Skip to main content

When working for a client, how do you plan enough time and money during pre-production? How do you budget resources to ensure a quality project? This week we are looking at a question from a student about budgeting time and finances for client work.

STUDENT QUESTION: How do I budget time and finances while planning client work?

JOHN-CLAY: You can think ahead of how to charge enough money to try to build in the time to make the project well for them. And part of it is just tracking your time. When you do practice projects, start tracking how long it takes you to do different parts, so that when you go to bid projects, you’re accurately charging for the time it takes in pre-production, production, even post. Post is where a lot of times we hit revisions and extra requests and things like that. So don’t charge on the wire, don’t have to squeeze into the box to say, “If it goes any over this, then it’s going to be tight.” Try to then take and give yourself 10%, 20% extra for space so that you don’t have to charge the client extra if they need more revisions, so that you can serve them well.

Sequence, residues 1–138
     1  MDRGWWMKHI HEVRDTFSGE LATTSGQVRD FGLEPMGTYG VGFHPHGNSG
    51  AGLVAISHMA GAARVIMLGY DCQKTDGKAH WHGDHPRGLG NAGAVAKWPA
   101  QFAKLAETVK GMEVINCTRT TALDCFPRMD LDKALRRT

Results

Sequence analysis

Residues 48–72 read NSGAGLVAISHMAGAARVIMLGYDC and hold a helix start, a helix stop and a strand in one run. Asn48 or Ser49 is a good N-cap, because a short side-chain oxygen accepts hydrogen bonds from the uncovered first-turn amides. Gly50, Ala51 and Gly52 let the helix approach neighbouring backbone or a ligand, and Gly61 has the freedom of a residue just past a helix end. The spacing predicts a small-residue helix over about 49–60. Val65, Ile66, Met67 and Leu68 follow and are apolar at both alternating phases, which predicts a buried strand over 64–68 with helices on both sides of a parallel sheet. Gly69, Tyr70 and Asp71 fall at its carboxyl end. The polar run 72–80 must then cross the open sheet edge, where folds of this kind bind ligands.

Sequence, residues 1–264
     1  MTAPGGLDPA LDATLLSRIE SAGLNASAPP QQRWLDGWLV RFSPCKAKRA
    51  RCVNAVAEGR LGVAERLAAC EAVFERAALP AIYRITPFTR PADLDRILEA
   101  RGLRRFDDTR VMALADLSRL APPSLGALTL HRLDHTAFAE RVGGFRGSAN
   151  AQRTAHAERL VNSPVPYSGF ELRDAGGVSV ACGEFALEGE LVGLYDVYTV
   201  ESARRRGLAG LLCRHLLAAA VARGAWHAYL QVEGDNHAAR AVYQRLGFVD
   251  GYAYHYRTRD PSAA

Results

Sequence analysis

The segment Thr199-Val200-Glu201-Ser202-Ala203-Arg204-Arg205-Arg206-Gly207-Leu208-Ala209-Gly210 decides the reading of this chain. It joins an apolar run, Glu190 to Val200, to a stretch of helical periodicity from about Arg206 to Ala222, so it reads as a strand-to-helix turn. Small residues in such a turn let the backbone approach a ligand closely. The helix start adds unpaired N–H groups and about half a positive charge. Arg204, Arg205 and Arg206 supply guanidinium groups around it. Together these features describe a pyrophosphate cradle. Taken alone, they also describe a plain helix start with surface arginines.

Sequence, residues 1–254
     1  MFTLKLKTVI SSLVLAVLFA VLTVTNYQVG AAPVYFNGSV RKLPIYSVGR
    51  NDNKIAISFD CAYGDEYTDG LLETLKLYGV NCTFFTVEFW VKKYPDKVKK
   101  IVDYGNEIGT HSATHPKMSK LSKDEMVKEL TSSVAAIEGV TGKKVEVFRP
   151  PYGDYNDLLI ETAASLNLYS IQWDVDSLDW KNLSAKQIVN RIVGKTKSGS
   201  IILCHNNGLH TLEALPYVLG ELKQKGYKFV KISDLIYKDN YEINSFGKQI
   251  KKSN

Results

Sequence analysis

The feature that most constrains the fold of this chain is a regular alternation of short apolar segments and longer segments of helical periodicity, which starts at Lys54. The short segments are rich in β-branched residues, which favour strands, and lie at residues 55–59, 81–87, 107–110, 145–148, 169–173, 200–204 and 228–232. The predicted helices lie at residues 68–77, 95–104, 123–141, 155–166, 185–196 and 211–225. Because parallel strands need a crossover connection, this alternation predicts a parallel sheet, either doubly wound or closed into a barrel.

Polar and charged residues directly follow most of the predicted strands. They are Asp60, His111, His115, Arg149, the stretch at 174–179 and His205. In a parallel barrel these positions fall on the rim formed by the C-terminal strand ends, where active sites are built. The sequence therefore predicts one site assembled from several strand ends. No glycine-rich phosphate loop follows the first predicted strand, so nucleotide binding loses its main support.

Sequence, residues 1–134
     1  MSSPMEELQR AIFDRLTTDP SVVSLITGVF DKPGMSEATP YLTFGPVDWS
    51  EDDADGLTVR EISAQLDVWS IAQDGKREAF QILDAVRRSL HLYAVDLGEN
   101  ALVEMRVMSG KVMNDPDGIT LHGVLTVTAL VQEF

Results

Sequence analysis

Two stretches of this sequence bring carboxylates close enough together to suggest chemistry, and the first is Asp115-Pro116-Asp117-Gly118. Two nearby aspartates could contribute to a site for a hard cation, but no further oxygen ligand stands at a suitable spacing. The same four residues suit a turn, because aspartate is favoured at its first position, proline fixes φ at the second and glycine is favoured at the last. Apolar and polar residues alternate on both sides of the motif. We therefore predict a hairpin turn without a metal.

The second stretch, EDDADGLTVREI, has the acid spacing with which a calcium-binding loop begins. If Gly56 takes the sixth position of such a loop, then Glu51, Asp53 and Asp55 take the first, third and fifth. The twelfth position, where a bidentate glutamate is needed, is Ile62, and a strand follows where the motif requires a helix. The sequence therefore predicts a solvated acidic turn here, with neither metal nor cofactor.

After you've worked with a client, sometimes you have a better idea of what may be needed to do a project well for them. Click To Tweet

And as you do projects and track them, you’ll get better at knowing what those things are. After you’ve worked with a client, sometimes you have a better idea of what may be needed to do a project well for them. And as you get better and as you’re able to hire other people, that scales the level of work that you’re doing that you can post in demo reels and show to other clients, to then continue growing and building on top of that. When I was starting out charging money, the thing I was always trying to guess was how long the project was going to take, how much time was I actually putting into it and then trying to not get that number wrong. If I estimated a little bit over, that would give me the space to get in there and dig in and do a little extra, or do another round of revisions if they needed it.

So I don’t mind overestimating even intentionally a little bit just to make sure that what they are expecting to pay I have then the resources to do the work for them. How do I charge enough money to have enough time? A lot of it is trial and error. You just have to take a guess and then do the work and track it.

I used to use a lot of little time trackers, start tracking and then do the work and then stop it and see what it was and write it down. Then you start to average and you don’t need trackers as much anymore because you just kind of get instinct. You just kind of know how long things take, then you give a little extra space, just because plan A is hardly ever the plan that gets implemented. We’ve always got B and C and D and so on. So start practicing, start charging money and see where it goes from there.

Bethany Meckle

Bethany Meckle

Content Curator

Free Educational Content Straight to Your Inbox.


Subscribe and also receive the free Download of "6 Steps to Start Your Film Career Without Film School":

Boom! You're in :D